burnout

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burnout

[′bərn‚au̇t]
(aerospace engineering)
An act or instance of fuel or oxidant depletion or of depletion of both at once.
The time at which this depletion occurs.
The point on a rocket trajectory at which this depletion occurs.
(electricity)
Failure of a device due to excessive heat produced by excessive current.
(engineering)
An instance of a device or a part overheating so as to result in destruction or damage.
(graphic arts)
A degree of exposure of a diazo-coated material that renders the film incapable of producing density when developed because the photosensitive diazo component has been destroyed.
(nucleonics)
To receive the greatest amount of radiation permissible during a given time.
The point at which the heat flux across a surface causes film-blanketing of the surface, resulting in a drop in the film heat-transfer coefficient, overheating, and possible surface failure.
References in periodicals archive ?
Burnout is a psychological term for the negative response to chronic job-related emotional stress.
Unfortunately, most of the studies on burnout in nursing have been conducted in Europe and United States.
Although burnout in large organisations has been examined in many studies, in general there has been a lack of concentration on healthcare workers and on hospital settings, especially in India.
The levels of stress hormone cortisol are often high in people suffering from depression, while it tends to be low in cases of burnout.
The researchers found that analysing a sample of spit was an excellent way to detect abnormally low levels of cortisol - a clear warning sign of impending burnout.
They also filled out questionnaires related to their current stress levels as well as symptoms of depression and burnout.
Conclusion: Burnout was reported in two third of the students while majority of students showed high level of social support.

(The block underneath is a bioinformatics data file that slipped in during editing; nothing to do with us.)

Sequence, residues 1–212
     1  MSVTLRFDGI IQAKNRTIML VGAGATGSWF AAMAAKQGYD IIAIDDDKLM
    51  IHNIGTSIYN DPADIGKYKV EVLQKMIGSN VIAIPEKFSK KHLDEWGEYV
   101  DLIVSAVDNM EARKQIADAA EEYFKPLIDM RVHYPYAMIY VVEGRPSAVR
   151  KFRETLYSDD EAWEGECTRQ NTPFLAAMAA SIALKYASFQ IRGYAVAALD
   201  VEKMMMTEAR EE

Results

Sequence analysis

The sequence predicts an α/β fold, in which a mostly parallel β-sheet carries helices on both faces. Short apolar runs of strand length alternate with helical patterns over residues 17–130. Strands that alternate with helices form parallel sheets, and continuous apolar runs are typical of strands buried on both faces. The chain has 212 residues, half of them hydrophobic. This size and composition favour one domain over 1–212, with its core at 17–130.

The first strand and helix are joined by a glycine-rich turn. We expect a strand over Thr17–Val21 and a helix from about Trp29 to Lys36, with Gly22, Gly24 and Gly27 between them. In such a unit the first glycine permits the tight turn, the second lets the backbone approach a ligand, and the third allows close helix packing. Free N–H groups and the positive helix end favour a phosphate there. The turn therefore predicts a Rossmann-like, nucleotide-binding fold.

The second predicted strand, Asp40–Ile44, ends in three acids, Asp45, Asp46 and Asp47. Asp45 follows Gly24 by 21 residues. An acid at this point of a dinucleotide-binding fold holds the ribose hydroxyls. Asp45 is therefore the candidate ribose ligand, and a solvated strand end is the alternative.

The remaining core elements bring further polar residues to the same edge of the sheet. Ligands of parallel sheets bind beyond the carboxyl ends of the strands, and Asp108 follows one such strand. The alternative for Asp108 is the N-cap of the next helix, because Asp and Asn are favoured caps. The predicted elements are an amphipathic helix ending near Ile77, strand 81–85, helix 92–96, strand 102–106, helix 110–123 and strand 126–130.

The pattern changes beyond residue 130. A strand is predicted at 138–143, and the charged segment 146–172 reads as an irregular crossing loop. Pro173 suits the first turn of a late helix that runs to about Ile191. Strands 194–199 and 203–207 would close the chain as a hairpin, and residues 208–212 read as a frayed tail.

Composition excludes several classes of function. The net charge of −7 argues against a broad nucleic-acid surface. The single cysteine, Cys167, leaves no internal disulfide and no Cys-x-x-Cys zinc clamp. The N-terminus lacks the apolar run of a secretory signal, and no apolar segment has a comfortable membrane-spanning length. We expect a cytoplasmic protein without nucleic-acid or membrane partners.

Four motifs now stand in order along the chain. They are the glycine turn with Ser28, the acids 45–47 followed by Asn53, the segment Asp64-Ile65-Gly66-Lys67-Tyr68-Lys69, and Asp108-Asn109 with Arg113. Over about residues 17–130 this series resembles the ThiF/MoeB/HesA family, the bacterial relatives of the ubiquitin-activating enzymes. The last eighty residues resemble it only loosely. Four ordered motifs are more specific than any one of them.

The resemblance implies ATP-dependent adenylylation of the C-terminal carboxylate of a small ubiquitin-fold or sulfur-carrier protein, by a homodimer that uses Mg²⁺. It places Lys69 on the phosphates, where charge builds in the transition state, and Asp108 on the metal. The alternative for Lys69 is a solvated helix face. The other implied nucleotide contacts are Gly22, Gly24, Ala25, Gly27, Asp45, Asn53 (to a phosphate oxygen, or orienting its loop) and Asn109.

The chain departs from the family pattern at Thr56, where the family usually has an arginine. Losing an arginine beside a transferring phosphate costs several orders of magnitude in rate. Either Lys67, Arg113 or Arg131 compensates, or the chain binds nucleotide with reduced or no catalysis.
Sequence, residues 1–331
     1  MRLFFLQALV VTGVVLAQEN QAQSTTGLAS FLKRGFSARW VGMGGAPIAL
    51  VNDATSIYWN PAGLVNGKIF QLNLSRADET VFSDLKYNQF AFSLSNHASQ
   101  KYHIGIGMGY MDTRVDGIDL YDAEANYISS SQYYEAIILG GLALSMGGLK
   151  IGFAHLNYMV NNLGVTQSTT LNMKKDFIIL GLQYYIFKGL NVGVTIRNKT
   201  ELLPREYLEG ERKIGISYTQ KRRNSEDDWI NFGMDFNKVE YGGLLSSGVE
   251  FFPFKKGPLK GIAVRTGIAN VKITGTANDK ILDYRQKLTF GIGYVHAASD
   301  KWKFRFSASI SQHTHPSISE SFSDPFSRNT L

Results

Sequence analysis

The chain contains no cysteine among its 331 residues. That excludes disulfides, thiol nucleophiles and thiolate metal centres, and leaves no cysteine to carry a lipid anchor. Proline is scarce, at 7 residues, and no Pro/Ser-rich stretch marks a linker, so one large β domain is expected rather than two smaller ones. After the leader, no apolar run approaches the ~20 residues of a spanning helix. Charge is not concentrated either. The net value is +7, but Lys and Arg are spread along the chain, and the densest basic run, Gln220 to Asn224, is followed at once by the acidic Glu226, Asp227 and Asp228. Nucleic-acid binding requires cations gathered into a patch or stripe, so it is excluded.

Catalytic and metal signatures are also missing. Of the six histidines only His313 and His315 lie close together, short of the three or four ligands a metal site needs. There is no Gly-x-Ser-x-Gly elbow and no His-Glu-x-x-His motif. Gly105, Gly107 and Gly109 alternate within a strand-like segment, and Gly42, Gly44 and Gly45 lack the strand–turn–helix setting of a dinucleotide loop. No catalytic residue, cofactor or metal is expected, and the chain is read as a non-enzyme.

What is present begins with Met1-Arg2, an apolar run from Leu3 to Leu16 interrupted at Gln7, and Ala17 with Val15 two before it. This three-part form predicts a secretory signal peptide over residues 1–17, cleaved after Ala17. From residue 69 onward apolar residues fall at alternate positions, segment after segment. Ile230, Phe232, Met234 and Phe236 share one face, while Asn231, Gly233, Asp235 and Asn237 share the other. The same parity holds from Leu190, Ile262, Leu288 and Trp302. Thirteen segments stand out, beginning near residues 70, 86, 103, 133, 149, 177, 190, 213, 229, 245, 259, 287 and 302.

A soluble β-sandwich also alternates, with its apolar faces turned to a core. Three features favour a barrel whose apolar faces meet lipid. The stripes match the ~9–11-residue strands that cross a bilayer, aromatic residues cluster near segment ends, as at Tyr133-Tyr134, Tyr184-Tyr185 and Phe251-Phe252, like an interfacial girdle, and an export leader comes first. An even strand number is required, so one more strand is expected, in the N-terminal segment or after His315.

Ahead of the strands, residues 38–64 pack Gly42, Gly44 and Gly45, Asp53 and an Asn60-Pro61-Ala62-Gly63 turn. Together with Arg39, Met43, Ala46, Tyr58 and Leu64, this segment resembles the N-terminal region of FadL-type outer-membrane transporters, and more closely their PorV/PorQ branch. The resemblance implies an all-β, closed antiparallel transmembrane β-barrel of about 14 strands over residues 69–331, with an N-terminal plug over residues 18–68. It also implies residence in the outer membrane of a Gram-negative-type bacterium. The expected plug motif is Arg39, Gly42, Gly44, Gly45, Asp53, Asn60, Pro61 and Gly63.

KeyWords: Burnout, Social support, Medical students, Medical education.
"Burnout is a state of emotional, physical, and mental exhaustion caused by excessive and prolonged stress.
To collect the required information, a questionnaire consisting of two parts was used, the first part of which was related to the demographic characteristics (age, gender, work history, and marital status), and the second part was related to Maslach's job burnout inventory which contained twenty-two items, and it dealt with the assessment of emotional exhaustion, depersonalization phenomena, and reduced personal accomplishment in the format of professional activities, and it has been particularly applied for the evaluation and prevention of the weariness and tiredness in professional groups, such as nurses and teachers.
Job burnout mean score was 58.46 [+ or -] 10.17, and in each of the components of emotional exhaustion, depersonalization, and reduced personal accomplishment, the mean scores were 23.216 4.92, 10.30 [+ or -] 3.56, and 21.51 [+ or -] 4.68, respectively.
The relationship between work history with job burnout and each of its components have been inserted in Table 1.